• [FONT=&quot]Beware the calcium effects - [/FONT][FONT=&quot]Don't combine an iron-rich meal with too many cheese sauces and milk shakes. Milk and cheese don't contain the animal protein factor, and can in fact slightly inhibit iron absorption, primarily because of the high calcium and phosphate content.[/FONT]
    • [FONT=&quot]Don't go overboard with the fibre - [/FONT][FONT=&quot]Too much fibre hinders the absorption of iron. Some types of fibre, like bran, bind to non-haeme iron and move through the digestive system quickly, giving the iron little chance to be absorbed.[/FONT]
    • [FONT=&quot]Don't drink tea or coffee with your meals - [/FONT][FONT=&quot]The tannins in these beverages bind with iron, making less of it available to your body. A cup of tea with breakfast can block three-fourths of the iron that you would have otherwise absorbed.[/FONT]
    • [FONT=&quot]Take supplements if required - [/FONT][FONT=&quot]Pregnant women need iron supplements since it's extremely difficult to meet the increased demand for iron through meals. It is advisable to take supplements at night, on an empty stomach, along with some orange juice to avoid a stomach upset and ensure maximum absorption.[/FONT]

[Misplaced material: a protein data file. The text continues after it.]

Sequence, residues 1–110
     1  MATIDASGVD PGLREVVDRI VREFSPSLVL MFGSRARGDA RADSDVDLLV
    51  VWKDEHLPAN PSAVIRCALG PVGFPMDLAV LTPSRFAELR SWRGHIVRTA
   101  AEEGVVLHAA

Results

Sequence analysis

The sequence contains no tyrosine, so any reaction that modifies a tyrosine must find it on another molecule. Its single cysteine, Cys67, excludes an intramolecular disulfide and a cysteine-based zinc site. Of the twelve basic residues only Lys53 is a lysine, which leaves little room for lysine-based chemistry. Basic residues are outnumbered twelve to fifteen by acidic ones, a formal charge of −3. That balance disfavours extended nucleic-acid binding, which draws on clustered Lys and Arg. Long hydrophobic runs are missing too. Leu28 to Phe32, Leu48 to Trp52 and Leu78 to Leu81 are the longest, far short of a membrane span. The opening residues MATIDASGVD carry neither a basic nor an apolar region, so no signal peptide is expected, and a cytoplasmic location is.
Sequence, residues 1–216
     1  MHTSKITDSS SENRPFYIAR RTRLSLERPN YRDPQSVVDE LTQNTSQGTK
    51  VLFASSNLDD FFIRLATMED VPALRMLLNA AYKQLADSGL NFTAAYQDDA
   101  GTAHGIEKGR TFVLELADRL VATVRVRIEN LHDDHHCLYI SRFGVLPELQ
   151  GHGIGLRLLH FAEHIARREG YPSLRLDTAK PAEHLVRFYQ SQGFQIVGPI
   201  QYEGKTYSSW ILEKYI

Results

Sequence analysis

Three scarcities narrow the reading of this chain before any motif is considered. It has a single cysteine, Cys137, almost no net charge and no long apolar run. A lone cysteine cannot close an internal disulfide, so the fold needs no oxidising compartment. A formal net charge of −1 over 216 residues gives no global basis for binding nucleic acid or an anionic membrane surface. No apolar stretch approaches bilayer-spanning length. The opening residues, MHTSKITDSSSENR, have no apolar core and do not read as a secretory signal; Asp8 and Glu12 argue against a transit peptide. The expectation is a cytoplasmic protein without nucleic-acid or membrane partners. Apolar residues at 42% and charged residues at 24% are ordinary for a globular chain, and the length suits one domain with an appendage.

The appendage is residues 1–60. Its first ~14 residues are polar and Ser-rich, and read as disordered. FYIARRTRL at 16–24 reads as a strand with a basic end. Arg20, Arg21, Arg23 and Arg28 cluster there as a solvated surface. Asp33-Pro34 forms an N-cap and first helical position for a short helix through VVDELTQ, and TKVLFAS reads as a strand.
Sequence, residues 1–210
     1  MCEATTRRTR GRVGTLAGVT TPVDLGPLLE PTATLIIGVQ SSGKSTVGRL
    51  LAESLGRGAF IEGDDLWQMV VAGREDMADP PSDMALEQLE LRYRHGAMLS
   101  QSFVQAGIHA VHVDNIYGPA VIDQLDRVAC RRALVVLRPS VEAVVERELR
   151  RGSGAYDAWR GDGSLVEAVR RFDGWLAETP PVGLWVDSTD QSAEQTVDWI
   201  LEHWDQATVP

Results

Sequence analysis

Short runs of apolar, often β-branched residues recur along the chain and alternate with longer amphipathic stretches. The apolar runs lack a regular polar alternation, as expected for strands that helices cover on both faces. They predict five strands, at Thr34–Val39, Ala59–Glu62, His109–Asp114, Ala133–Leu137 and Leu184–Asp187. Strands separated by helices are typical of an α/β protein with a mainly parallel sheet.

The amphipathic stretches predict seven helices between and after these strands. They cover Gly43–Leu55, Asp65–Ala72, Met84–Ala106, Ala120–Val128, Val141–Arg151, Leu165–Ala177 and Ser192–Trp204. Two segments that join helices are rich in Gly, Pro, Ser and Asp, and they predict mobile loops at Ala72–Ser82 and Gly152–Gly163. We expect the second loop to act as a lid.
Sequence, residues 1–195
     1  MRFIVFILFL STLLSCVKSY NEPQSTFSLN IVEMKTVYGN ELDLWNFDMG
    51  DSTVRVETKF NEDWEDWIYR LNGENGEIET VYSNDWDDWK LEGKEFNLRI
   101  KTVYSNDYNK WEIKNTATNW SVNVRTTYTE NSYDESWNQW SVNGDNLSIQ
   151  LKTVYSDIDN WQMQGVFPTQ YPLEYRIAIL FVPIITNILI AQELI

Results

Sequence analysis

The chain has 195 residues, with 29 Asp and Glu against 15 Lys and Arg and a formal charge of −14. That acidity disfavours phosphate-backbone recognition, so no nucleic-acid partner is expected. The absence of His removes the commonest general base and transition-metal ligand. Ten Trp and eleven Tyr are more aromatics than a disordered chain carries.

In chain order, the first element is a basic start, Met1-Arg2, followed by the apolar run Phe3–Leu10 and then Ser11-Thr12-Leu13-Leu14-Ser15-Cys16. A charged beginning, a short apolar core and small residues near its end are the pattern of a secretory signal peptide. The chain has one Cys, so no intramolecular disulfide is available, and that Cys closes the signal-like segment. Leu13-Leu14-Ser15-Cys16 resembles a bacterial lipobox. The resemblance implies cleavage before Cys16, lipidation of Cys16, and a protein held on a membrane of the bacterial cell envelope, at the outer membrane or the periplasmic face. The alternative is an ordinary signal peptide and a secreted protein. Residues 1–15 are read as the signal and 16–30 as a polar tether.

9. neets

    neets Silver IL'ite

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    hi hasa,

    i was going to put a thread on anemia when i came across this post,its very informative ,i am frequent victim of anemia and it affects me now and then,and its a major problem for many of the women across the globe something women need to take care of....keep going and thanks for the info....

    :thumbsup
     
  10. dreamheight

    dreamheight New IL'ite

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    Iron (Fe) is a component of red blood cells and the muscles that assist in the transportation of oxygen throughout the body. Women lose twice as much iron as men and are more likely to be deficient, particularly during the child bearing years.